In 1947 I was eleven years old and had been wishing for a pet for a long time. I told my parents I’d settle for a dog or a cat. What I got was fish, in a tank, which was not my idea of a pet. One day, alone in our apartment, the phone rang, startling me. It was rare for anyone to call during the day and when it did, it meant trouble. I picked up the receiver, worried that something bad had happened.
It was my 6-year-old cousin, John. “Hi Nancy, our cat had kittens and they’re ready for adoption. Want one?
In 1985 I spent 19 days in a 28-bed ward for critically ill women. When it was tea time, three of the women closest to my bed joined me at a small table to talk and drink our tea. They were poor women from towns outside of London. Despite the differences between them and me, we were all sick, each of us in danger of dying. We’d been talking among ourselves for a few days when one of the women put down her cup and asked, “If you could wish for anything, what would you wish for?”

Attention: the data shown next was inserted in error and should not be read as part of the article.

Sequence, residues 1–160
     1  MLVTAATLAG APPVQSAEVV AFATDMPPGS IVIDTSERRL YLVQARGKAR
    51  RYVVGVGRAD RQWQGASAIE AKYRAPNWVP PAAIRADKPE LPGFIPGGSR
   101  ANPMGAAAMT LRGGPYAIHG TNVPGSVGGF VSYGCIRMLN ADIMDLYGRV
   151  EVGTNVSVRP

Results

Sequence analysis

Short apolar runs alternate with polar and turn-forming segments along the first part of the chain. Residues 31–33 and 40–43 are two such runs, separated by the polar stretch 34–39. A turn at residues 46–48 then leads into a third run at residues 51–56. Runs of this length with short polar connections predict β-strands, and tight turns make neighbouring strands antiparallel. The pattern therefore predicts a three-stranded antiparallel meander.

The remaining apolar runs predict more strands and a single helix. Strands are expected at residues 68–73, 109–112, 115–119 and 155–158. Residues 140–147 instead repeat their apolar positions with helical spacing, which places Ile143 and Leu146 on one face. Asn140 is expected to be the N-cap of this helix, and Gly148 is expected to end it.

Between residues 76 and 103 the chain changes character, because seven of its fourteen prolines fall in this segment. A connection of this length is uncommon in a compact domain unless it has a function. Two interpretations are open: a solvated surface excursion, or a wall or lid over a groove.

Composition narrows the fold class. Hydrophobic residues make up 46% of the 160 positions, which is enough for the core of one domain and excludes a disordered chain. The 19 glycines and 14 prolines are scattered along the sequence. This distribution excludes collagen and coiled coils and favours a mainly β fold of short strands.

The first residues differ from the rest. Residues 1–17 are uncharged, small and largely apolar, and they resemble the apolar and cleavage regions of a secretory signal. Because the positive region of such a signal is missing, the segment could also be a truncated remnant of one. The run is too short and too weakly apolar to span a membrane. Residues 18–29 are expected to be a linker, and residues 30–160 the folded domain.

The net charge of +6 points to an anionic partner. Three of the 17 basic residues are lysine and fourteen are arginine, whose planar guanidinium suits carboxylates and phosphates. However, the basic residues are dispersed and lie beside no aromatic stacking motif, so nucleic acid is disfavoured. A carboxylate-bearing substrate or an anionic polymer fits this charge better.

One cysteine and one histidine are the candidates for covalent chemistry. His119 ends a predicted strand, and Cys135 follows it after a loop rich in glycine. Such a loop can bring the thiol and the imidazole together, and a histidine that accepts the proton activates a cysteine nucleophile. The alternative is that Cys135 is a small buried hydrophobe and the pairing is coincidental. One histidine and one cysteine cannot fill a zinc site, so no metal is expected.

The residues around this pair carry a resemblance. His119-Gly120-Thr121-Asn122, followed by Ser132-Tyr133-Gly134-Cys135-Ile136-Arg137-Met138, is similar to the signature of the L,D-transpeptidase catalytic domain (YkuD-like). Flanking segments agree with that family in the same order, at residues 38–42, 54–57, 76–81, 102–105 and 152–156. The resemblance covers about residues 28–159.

I’d been wanting to go to Machu Pichu for a long time, but none of the plans worked out. When I saw the REI Peru trip advertised, I immediately signed up, but still had to be approved. A woman called to assess whether I was up to the degree of hiking difficulty. I told her I was 83, in good shape, that I hiked regularly, sometimes up to 14 miles. She signed me up but, given my age, she said I could not do one of the hikes that involved climbing two peaks of 14, 700,’ that I would do the alternative hike. I tried to change her mind by telling her I’d climbed Wheeler Peak in Taos, which is 13,100,’ but this had no effect. I wished I could participate in the two-peak hike, but she made it clear it wouldn’t be possible.
Stories inspired by world tales to challenge and comfort.